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Virgin Territory Film Installation: Thought Provoking and Clever

By Ruth-Anne Walbank

SCAN Lancaster University Student Union, 16 October 2018

The best events are the ones where the reviews right themselves. This is not usually because they’ve been full of glitz and glamour, or because they impressed their audience with special effects. Instead, it’s because you come away from the event with new ideas about the art you just saw and yourself, that it becomes difficult to sum up your reaction in 500 words. In other words, the best events are the ones that are thought-provoking, not in a pretentious philosophical manner but in a way which makes you see the same things from a slightly different perspective; and Virgin Territory achieved this with phenomenal success. 

This visual film installation by The Vincent Dance Theatre in the Peter Scott Gallery cleverly incorporated dance with cinema, nonfictional accounts and interactive art. It reflected on our hyper-sexualised digital culture, and the impact it’s having on future generations. The design for the main set up for the screening was in the style of a girl’s changing room at a dance school, with props from the film such as dance shoes, pink dresses and wigs placed on the benches to link the physical space with the digital portrayal of events. It was both comically done and scarily insightful, with the sequences beautifully moving between bursts of energy in the dancers fighting for their territory amongst themselves, and softer reflections of emotional sensitivity in solo sequences to create an intimate space.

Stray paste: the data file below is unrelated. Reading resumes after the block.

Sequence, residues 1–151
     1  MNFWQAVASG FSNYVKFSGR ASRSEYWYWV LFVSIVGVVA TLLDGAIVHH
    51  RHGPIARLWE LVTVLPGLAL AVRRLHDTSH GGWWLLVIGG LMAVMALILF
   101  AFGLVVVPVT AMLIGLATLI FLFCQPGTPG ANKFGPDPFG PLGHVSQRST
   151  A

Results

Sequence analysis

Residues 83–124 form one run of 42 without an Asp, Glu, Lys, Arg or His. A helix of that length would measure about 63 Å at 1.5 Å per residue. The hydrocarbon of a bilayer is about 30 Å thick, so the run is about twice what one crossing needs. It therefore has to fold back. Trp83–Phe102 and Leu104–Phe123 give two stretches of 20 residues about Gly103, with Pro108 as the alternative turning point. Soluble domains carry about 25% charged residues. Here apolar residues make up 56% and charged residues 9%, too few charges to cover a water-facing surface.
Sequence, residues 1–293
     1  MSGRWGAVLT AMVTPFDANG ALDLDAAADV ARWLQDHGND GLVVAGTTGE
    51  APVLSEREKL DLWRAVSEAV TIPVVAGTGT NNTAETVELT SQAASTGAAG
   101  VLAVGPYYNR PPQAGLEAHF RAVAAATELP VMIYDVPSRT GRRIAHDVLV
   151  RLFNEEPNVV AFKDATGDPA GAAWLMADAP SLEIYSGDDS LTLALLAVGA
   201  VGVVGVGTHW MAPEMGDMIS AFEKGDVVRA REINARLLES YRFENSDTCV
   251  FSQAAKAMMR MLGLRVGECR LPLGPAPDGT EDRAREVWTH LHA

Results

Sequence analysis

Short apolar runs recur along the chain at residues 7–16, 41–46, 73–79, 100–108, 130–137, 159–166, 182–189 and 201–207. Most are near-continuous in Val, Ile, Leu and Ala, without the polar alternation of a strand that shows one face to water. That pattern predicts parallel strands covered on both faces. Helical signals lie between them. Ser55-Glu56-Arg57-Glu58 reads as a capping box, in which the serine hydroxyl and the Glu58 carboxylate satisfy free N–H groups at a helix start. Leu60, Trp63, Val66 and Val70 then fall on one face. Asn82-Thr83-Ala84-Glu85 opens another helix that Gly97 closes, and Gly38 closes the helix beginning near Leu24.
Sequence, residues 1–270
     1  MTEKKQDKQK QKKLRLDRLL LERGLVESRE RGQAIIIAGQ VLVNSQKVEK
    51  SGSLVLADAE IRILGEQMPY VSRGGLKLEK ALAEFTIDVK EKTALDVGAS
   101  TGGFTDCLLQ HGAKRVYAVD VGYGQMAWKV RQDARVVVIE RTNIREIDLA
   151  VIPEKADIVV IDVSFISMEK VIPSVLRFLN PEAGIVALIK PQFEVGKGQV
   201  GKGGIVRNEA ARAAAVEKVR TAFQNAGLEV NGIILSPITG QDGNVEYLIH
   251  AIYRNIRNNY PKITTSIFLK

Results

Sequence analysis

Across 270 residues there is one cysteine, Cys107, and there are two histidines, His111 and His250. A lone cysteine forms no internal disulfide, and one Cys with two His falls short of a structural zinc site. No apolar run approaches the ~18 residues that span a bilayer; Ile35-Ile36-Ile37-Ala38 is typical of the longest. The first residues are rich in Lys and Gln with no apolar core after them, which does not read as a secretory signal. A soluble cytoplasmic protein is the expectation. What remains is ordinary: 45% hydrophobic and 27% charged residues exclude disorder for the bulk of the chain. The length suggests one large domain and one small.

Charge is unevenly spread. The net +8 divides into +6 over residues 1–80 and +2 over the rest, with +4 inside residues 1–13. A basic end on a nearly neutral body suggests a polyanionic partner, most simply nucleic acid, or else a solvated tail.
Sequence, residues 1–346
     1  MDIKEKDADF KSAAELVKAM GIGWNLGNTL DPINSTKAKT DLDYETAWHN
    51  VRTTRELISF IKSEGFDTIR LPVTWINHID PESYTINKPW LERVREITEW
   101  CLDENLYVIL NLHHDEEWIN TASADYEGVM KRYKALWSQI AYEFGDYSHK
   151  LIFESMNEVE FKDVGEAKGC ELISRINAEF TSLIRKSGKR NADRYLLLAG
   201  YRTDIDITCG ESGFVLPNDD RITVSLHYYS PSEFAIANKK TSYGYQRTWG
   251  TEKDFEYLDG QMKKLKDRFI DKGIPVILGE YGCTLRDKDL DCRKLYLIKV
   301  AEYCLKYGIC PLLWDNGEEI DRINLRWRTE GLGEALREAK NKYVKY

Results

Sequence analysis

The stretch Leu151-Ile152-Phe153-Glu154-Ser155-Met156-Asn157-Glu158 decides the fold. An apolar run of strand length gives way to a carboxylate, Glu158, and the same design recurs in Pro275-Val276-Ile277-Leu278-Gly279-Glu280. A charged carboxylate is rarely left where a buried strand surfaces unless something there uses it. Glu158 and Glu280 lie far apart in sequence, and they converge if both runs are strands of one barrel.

I found the set up of the screens themselves to be particularly impressive, in the way it utilised standard choreographic devices across a new medium. The use of mirroring, for example, across the six opposite and adjacent screens created this sense of parallels and reflections. The dancers would collide with one another across the screens into the empty space between them, or juxtapose their movements with one another so that they transgressed their area within their screen as though they were reaching out past their limits. There was a beautiful symbolism in this because just as the dancers mirrored their own movements between opposing screens, the four adult dancers had their own actions reflected by the four younger dancers, each still at school. Emphasis was then placed on the connections between generations, that the younger will mirror the older. There is something powerful in the image of a middle-aged man placing a 13-year-old girls head to one side and her staying there like a doll, as she wears an oversized pink dress that you could then see in front of you in the changing room setup. The emphasis in this piece was on sex education, role models and communication between generations. 

Another excellent aspect of the piece was in the omnipresence of the phone. In every scene, a phone appeared in some manner, and the recurring appearance of a grid format on the screen almost mocked our modern obsession with Instagram. In other sequences, this was mocked further with the use of balloons to comically show how much-exaggerated importance we place on certain aspects of our bodies. In the age of the social media selfie, how can you tell what is real and what is fake?

The set up of this installation alone was thought-provoking, with your eyes settling on one place only to second guess yourself and realise that the whole piece could be watched again from a different angle or perspective. It reminded me of older dance pieces such as De Keersmaeker’s Rosas Danst Rosas only now, in this time, it is the mundane that we sexualise and to a ridiculously extreme degree. 

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